Replies

A few days back, Adrian Mead posted a piece on Shooting People about writers who unrealistically demand a reply to their unsolicited screenplay submissions. It’s a good post and, as far as I know, makes sense.

It’s also here on UKScreen if anyone missed it.

Anyway, a couple of days later, a writer posted a response about how unprofessional it is when producers/directors who have requested your script then fail to get back to you. Which I thought was also a good post.

Personally, I tend to fall somewhere in between these two points of view. I don’t expect a reply from anyone (mostly because I worry too much about my email not actually working); however, I think it does depend on circumstances.

If you’ve sent an unsolicited script to someone, why should they reply to you? You’re a door to door salesman who’s jammed his foot in someone’s door. Piss off.

If, on the other hand, you’ve responded to a script call or sent a query which has received a reply and a request for the script, then I don’t think it’s unreasonable to hear a thanks, but no thanks reply. Now you’re a salesman who’s been invited into the home only to find they won’t let you in and are hiding behind the couch.

On another, third hand, this is what happens, learn to deal with it. The ones who reply are no more professional than the others, just a bit nicer.

When I receive one of these brush offs I send a quick reply thanking them for their time and wishing them luck with their project. I like to be nice, but that’s just me.

Having said all of that, I occasionally rail against the people who love the script, want to make it, pay me some money and then disappear. What the fuck is that about?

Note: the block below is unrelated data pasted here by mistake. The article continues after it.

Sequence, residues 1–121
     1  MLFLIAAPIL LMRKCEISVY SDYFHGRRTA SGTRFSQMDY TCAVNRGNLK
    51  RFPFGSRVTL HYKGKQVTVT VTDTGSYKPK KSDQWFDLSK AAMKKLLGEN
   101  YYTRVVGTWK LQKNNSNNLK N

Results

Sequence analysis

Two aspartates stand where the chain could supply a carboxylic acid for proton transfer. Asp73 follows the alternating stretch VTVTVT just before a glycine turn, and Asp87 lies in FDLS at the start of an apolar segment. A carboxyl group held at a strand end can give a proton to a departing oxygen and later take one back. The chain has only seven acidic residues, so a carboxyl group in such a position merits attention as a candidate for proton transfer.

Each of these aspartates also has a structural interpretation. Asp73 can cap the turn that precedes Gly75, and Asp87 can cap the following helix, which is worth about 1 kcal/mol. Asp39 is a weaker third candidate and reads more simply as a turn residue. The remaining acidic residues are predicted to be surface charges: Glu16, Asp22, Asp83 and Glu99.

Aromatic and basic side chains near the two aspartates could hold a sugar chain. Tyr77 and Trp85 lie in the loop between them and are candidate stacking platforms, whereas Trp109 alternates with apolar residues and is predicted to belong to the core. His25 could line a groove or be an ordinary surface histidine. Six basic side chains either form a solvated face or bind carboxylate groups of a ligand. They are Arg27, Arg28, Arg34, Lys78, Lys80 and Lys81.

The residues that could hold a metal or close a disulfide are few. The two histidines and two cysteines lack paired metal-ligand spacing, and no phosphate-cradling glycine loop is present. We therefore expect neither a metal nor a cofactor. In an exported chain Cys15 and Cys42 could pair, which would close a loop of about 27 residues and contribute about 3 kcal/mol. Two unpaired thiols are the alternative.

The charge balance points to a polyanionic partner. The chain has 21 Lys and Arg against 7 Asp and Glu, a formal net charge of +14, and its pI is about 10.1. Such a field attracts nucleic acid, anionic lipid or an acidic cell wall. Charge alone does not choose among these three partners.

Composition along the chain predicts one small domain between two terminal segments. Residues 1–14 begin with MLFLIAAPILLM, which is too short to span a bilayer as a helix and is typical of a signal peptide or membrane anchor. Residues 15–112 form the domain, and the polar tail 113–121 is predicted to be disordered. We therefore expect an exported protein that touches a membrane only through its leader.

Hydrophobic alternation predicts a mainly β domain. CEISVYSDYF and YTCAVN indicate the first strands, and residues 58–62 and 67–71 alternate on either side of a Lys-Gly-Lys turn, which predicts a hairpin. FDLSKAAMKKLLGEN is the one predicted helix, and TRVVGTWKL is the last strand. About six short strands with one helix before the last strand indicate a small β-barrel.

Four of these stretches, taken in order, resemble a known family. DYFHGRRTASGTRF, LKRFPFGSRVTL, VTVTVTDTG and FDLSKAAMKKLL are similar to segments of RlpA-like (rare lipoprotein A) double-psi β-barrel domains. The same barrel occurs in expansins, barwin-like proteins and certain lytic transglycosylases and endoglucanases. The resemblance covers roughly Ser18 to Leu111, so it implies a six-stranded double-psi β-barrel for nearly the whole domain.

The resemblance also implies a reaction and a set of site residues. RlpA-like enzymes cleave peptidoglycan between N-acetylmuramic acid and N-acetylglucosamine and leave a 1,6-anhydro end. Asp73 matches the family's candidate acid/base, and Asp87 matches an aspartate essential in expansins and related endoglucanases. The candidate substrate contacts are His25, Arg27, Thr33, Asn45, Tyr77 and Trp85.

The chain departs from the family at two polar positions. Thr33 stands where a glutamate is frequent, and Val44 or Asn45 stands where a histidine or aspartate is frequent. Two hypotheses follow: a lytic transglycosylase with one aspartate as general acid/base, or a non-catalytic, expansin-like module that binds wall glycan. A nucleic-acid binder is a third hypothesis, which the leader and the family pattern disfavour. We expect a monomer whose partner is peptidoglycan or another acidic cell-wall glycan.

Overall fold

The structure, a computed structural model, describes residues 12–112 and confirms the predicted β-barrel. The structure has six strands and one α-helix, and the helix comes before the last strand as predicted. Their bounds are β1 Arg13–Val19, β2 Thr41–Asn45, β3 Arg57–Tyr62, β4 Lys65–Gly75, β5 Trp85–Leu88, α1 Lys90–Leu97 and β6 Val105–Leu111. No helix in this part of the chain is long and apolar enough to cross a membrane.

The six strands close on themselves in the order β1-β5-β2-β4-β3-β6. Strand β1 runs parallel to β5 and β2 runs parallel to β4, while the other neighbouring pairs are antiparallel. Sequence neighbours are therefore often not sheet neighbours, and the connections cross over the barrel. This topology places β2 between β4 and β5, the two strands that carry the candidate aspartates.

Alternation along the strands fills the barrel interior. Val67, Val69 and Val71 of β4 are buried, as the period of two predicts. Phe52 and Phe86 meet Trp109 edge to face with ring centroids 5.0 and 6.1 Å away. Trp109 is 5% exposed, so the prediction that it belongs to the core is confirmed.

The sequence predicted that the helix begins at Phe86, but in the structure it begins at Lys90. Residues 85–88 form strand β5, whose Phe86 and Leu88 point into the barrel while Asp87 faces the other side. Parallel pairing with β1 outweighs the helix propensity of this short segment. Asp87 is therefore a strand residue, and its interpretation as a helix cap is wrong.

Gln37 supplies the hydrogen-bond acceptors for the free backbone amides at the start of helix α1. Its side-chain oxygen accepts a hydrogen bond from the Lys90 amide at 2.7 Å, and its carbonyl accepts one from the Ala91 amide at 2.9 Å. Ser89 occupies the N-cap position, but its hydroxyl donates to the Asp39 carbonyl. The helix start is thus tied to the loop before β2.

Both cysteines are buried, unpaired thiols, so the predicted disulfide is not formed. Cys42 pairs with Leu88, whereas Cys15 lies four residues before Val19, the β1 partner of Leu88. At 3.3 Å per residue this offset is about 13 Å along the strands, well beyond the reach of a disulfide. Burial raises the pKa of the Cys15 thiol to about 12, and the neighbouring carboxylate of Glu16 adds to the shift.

Erm, hello? I’ve got your money. You gave me some money, can I spend it? Is anyone there? Okay, I’m going to spend it now, let me know if that’s wrong.

Anyway, the original few posts sparked a flurry of debate (a small flurry) and I was just mulling this over when I realised who the second poster was. She emailed in July last year and asked if I would read her script. 

This happens to me a lot, does anyone else get this? Why are people turning to me for advice? It’s nice and it’s ego-flattering, but it’s just plain weird. Why me? Who the fuck am I?

I agreed, I’m nice like that, and wrote her a page or so detailing what I thought of it and in response I heard…

nothing.

I sent a prodding email a few days later, just a quickie: How’s tricks? How are you getting on with your script? Were any of my comments useful/hurtful/just plain wrong?

And still no response.

Funny that. Mind you, it’s probably something to do with my increasingly random email service. Or is it? I’ve been developing a new theory. Years ago, when I had to hide behind the sofa when the phone rang in case it was the bank…

Yes, I know they can’t see over the phone, but you never know.

Whenever I absolutely had to send out a cheque on pain of arrest, I would write a nice letter saying ‘here is your cheque’, put the letter (without a cheque) in an envelope, seal it and tear it in half. I’d then post the half with the stamp on. The Post Office would deliver the torn envelope in a plastic bag and apologise for tearing the letter in their machine.

Hey presto! Another few weeks’ grace.

Maybe the ‘if I ignore them, they’ll think there’s something wrong with their email’ excuse is just an electronic version of ‘it’s in the post’?

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Categories: Industry Musings | 1 Comment

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One thought on “Replies

  1. I’m perfectly fine with the “silence = no” convention myself. It’s probably just because actually hearing “no” stings worse for me than inferring “no” from the lack of a reply.

    On the other hand, a personalised “no” that says nice things about the script and encourages me to submit more material — that’s a nice “no” to have, and I’ll take that over silence any day. It’s the unadorned “no, we didn’t like it, piss off” rejections that I’d rather just skip.

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